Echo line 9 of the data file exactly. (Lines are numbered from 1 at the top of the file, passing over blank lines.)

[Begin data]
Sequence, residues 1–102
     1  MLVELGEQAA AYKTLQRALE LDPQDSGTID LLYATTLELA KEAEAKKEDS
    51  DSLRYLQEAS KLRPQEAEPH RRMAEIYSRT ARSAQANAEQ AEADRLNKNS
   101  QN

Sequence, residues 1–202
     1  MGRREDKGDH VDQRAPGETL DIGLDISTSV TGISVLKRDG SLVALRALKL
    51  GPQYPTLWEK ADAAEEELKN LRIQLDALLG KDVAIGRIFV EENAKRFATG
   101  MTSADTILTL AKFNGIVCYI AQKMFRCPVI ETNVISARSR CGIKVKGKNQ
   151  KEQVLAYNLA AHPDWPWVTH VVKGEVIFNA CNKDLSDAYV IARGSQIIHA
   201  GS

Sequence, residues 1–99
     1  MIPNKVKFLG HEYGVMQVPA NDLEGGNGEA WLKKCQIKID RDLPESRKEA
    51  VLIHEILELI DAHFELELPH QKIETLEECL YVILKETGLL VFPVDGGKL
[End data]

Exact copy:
   151  KEQVLAYNLA AHPDWPWVTH VVKGEVIFNA CNKDLSDAYV IARGSQIIHA